ICS courses are available from the Federal Emergency Management Agency (FEMA) on the web at:
As previously mentioned, the methods and procedures used by Amateur Radio operators: use of nets, methods such as packet or ATV and other training such as Damage Assessment or Fire/Weather training– are items that remain in place, in use, and unaffected by ICS — except for the nature of how information is reported up the chain and how commands are given down the chain. Amateur Radio operators should continue to receive training in these areas– and add ICS to the already valuable skills used to serve the public via Amateur Radio.
ICS Duties for ARES Operators:
To repeat some VERY important instructions that apply to all ARES operators:
Everyone MUST insure that all assignments, delegation and hand-overs are done with explicit statement of intent and explicit statement of acceptance. The most likely problems will occur when duties are assigned/accepted implicitly. If ALL assignment, delegation, handovers, acceptance etc. are explicit, the potential misunderstandings are minimized or eliminated.
A good technique to insure understanding is to repeat back what you understand the order or instruction to be. This will expose errors before they can become a problem.
Event Check List:
The following are YOUR responsibilities for every emergency and many exercise events. Remember that during an emergency you will either be part of the solution,or you will become part of the problem.
- Before you leave your house, you should:
- Review your assignment to insure you understand what is expected of you for this specific assignment.
- Incident type, name and designation
- Incident check in location
- Reporting time
- Anticipated length of stay
- Travel instructions
- Update your “go-bag” with needed items not normally stored there
- Prepare clothing and food, sufficient to handle the anticipated length of stay at your assignment.
- Review communication procedures as necessary
- Ensure that your family knows how to contact you while you are at the assignment.
- Review transportation requirements to and from the assignment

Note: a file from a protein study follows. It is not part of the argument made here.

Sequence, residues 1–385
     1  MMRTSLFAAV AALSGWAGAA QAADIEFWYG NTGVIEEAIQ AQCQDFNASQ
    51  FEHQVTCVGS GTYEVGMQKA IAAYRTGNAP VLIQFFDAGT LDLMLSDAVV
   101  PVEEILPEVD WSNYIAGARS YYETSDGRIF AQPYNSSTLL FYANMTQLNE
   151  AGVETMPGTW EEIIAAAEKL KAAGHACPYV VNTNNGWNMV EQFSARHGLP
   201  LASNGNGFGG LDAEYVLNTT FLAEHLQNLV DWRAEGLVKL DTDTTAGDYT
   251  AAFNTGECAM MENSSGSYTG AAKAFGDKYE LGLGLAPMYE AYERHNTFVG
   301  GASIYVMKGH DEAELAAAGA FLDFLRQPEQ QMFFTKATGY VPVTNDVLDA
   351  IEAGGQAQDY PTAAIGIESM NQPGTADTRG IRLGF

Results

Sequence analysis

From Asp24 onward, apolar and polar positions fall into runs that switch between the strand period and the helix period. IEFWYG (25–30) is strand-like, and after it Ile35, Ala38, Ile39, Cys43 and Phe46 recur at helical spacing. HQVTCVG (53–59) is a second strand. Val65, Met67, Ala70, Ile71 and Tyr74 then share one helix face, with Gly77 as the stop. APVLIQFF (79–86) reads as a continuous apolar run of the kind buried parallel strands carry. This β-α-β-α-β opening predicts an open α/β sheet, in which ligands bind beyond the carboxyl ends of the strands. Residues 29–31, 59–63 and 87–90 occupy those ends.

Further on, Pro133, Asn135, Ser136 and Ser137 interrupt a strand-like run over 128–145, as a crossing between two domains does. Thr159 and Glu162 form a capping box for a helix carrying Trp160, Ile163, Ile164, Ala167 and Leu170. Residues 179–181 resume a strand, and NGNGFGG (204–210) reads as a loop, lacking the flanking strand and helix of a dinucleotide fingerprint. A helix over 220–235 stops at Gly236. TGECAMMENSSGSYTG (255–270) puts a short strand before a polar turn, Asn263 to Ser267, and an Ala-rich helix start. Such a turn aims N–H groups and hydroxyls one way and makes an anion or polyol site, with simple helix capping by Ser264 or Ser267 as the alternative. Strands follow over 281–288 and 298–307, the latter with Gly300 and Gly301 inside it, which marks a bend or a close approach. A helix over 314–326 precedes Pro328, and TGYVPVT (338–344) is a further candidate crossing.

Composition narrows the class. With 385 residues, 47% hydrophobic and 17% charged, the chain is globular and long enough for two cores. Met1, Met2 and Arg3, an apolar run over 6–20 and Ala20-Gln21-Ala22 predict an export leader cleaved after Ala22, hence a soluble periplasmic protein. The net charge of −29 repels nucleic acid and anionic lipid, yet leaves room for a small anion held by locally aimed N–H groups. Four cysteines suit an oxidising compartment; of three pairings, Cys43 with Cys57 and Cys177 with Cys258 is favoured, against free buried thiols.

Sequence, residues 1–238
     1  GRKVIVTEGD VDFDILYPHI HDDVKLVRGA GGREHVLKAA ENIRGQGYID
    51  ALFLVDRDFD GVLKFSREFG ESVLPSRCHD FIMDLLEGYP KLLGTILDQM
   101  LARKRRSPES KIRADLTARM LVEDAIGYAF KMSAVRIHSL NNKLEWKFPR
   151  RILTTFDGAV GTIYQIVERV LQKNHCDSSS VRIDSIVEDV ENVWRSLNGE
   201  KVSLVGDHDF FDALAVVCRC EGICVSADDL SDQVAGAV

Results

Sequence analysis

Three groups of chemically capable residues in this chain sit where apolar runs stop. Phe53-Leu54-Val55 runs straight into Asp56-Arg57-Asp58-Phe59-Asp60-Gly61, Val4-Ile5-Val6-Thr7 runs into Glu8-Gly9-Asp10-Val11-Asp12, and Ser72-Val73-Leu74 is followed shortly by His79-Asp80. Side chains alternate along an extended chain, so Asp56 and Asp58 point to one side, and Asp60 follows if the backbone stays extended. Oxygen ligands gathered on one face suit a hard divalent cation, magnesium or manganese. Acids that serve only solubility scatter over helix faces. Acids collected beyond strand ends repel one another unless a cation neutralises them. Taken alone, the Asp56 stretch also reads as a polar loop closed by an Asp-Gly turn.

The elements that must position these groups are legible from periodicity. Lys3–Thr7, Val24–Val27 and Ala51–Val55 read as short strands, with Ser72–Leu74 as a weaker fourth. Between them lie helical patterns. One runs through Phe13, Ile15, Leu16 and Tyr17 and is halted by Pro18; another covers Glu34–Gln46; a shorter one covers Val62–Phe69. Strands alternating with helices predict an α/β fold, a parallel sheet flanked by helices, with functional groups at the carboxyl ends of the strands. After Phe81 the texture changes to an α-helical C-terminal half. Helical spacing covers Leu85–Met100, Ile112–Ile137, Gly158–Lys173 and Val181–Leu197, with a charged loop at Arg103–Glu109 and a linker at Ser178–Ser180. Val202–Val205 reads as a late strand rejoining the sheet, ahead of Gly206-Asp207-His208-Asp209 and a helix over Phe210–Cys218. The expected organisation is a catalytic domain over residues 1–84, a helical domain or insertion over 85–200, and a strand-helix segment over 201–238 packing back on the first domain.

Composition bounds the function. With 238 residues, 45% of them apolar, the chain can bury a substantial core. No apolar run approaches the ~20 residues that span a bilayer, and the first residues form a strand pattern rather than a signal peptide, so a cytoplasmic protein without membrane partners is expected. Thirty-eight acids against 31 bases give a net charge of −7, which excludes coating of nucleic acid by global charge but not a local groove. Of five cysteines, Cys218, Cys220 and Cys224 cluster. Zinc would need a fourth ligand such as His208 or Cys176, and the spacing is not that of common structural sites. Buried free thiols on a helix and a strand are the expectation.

- On departure from your house, check in with the staffing net to let them know you are in route to your assignment.
- • Check in at the staging area so the served agency records reflect your help.
- Notify the staffing net that you are going to the operations frequency.
- Check in with operations NCS to let them know you are available.
- Determine where/when the event briefing will be (ASK!)
- Perform the duties assigned in a manner consistent with good safety procedures and good Ham techniques. This will include:
- Monitor work progress.
- Provide your supervisor with appropriate status updates and notification of any problems that may arise.
- Keep a good log of your station activities.
Once your assignment is complete AND prior to departing you need to:
- Complete your work assignment
- Brief your subordinates on demobilization
- Complete event paper work
- Brief your replacement as applicable
- Follow incident check out procedures. This means:
- Check out where you checked in (if at all possible)
- Notify Operations NCS of your departure
- Notify the Staffing Net you are checking out from your assignment and going home.
- Upon arrival at your house, check out with the staffing net.
That concludes tonight’s training. Are there any questions, comments or suggested additions to this material?
Thanks, this is (callsign) clear to net control.